Jung's theory divides the psyche into three parts.
The first is the ego, which Jung identifies with the conscious mind.
Closely related is the personal unconscious, which includes anything which is not presently conscious, but can be.
The personal unconscious is like most people's understanding of the unconscious in that it includes both memories that are easily brought to mind and those that have been suppressed for some reason. But it does not include the instincts that Freud would have it include.
But then Jung adds the part of the psyche that makes his theory stand out from all others: the collective unconscious. You could call it your "psychic inheritance." It is the reservoir of our experiences as a species, a kind of knowledge we are all born with.
The contents of the collective unconscious are called archetypes. Jung also called them dominants, imagos, mythological or primordial images, and a few other names, but archetypes seems to have won out over these.
An archetype is an unlearned tendency to experience things in a certain way.
The mother archetype is our built-in ability to recognize a certain relationship, that of "mothering."
It is curious that in primitive societies, phallic symbols do not usually refer to sex at all. They usually symbolize mana, or spiritual power.
Sex and the life instincts in general are, of course, represented somewhere in Jung's system. They are a part of an archetype called the shadow.
The persona represents your public image. The word is, obviously, related to the word person and personality, and comes from a Latin word for mask.
The anima is the female aspect present in the collective unconscious of men, and the animus is the male aspect present in the collective unconscious of women. Together, they are refered to as syzygy
Obviously, there is father, who is often symbolized by a guide or an authority figure. There is also the archetype family, which represents the idea of blood relationship and ties that run deeper than those based on conscious reasons.
There is also the child, represented in mythology and art by children, infants most especially, as well as other small creatures.
The hero is one of the main ones. He is the mana personality and the defeater of evil dragons.
The hero is often out to rescue the maiden. She represents purity, innocence, and, in all likelihood, naivete.
The hero is guided by the wise old man. He is a form of the animus, and reveals to the hero the nature of the collective unconscious.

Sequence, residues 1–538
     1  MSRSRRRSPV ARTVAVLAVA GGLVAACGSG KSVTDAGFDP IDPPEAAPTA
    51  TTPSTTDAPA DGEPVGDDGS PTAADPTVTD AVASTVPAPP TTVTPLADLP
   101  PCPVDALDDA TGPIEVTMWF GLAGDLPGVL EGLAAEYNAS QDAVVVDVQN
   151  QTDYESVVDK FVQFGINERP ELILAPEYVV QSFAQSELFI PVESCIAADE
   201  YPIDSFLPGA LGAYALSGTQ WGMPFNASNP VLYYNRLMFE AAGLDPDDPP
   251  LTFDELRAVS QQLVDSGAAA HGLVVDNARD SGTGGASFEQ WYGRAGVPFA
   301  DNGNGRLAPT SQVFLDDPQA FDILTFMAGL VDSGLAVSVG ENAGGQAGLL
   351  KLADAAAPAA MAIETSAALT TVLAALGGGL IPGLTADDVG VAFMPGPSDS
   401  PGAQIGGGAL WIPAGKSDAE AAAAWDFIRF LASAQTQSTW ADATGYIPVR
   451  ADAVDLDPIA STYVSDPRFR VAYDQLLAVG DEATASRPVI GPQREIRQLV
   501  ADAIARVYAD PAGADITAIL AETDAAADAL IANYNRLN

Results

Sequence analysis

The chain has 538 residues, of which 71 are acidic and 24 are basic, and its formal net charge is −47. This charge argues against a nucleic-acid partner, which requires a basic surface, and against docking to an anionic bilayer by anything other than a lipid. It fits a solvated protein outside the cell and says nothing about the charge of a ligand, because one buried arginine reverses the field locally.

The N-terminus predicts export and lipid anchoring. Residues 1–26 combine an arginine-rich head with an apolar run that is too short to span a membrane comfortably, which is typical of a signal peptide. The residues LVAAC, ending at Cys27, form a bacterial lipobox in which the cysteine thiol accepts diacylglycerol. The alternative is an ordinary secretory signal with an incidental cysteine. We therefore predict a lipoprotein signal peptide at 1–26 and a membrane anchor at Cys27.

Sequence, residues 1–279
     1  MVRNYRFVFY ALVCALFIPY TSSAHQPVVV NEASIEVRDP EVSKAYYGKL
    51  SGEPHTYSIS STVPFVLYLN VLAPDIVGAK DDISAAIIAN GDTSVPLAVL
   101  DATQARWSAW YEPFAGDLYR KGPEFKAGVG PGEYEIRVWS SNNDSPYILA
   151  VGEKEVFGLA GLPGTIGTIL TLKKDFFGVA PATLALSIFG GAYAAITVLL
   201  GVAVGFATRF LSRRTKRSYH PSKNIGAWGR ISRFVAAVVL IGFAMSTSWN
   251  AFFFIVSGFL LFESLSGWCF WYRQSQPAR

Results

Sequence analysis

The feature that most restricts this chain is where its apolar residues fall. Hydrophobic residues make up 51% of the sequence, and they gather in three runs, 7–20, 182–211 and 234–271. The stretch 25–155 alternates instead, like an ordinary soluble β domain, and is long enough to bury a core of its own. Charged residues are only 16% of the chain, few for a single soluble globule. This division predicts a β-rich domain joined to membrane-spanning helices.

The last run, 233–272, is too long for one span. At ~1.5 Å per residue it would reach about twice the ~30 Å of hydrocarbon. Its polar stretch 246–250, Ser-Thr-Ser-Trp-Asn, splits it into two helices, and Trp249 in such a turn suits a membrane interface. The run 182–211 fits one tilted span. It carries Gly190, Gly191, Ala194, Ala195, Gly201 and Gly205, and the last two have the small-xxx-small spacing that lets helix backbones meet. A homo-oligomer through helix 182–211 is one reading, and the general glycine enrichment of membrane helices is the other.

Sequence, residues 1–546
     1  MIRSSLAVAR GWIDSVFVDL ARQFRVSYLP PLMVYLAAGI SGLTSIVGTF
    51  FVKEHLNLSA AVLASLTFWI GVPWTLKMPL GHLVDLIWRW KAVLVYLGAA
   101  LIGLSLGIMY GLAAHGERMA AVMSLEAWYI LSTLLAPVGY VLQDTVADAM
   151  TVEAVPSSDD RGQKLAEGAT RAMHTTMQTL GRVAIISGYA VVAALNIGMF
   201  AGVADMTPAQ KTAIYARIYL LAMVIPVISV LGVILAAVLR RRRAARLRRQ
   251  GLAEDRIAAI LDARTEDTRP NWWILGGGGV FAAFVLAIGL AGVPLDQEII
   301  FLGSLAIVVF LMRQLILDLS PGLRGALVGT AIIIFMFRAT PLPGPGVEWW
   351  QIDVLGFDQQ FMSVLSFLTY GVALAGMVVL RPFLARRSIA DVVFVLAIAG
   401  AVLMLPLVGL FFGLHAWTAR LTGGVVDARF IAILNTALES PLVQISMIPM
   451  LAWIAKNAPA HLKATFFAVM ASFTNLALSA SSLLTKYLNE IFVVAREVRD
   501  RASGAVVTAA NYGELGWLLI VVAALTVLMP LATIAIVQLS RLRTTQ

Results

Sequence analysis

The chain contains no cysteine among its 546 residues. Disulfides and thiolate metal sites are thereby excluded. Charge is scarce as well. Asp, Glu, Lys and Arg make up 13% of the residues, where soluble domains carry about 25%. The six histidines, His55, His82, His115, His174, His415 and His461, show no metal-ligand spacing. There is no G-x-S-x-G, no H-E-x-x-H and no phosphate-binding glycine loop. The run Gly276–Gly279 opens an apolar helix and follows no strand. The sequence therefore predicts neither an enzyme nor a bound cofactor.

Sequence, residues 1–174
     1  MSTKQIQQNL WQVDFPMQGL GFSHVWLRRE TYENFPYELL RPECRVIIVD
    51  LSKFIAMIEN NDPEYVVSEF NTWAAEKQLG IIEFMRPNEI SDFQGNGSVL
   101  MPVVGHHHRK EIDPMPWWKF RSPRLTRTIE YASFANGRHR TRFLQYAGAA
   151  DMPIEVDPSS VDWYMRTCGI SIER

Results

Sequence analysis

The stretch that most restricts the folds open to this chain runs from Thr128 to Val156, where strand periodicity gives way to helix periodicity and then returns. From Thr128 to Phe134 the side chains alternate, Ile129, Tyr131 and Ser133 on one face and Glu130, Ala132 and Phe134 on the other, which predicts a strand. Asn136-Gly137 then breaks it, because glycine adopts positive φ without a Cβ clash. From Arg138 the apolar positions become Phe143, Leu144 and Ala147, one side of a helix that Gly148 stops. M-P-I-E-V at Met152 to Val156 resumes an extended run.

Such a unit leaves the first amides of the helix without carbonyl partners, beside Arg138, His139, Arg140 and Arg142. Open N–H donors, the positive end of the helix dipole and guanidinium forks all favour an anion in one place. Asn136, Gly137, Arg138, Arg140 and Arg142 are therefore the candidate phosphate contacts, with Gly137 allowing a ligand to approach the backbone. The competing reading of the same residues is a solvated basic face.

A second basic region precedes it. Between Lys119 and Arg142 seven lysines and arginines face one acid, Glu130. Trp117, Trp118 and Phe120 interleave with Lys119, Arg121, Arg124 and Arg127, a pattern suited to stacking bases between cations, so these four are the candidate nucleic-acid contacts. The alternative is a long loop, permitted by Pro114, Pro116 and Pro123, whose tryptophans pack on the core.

There is also an animal archetype, representing humanity's relationships with the animal world.
And there is the trickster, often represented by a clown or a magician.
There are other archetypes that are a little more difficult to talk about. One is the original man, represented in western religion by Adam. Another is the God archetype, representing our need to comprehend the universe, to give a meaning to all that happens, to see it all as having some purpose and direction.
The hermaphrodite, both male and female, represents the union of opposites, an important idea in Jung's theory.
The most important archetype of all is the self. The self is the ultimate unity of the personality and issymbolized by the circle, the cross, and the mandala figures that Jung was fond of painting.
The dynamics of the psyche
principle of opposites. Every wish immediately suggests its opposite. If I have a good thought, for example, I cannot help but have in me somewhere the opposite bad thought
According to Jung, it is the opposition that creates the power (or libido) of the psyche.
principle of equivalence. The energy created from the opposition is "given" to both sides equally.
But if you pretend that you never had that evil wish, if you deny and suppress it, the energy will go towards the development of a complex. A complex is a pattern of suppressed thoughts and feelings that cluster -- constellate -- around a theme provided by some archetype.
principle of entropy. This is the tendency for oppositions to come together, and so for energy to decrease, over a person's lifetime.
This process of rising above our opposites, of seeing both sides of who we are, is called transcendence.
The goal of life is to realize the self. The self is an archetype that represents the transcendence of all opposites, so that every aspect of your personality is expressed equally.
Personality theorists have argued for many years about whether psychological processes function in terms of mechanism or teleology. Mechanism is the idea that things work in through cause and effect: One thing leads to another which leads to another, and so on, so that the past determines the present. Teleology is the idea that we are lead on by our ideas about a future state, by things like purposes, meanings, values, and so on. Mechanism is linked with determinism and with the natural sciences. Teleology is linked with free will and has become rather rare. It is still common among moral, legal, and religious philosophers, and, of course, among personality theorists.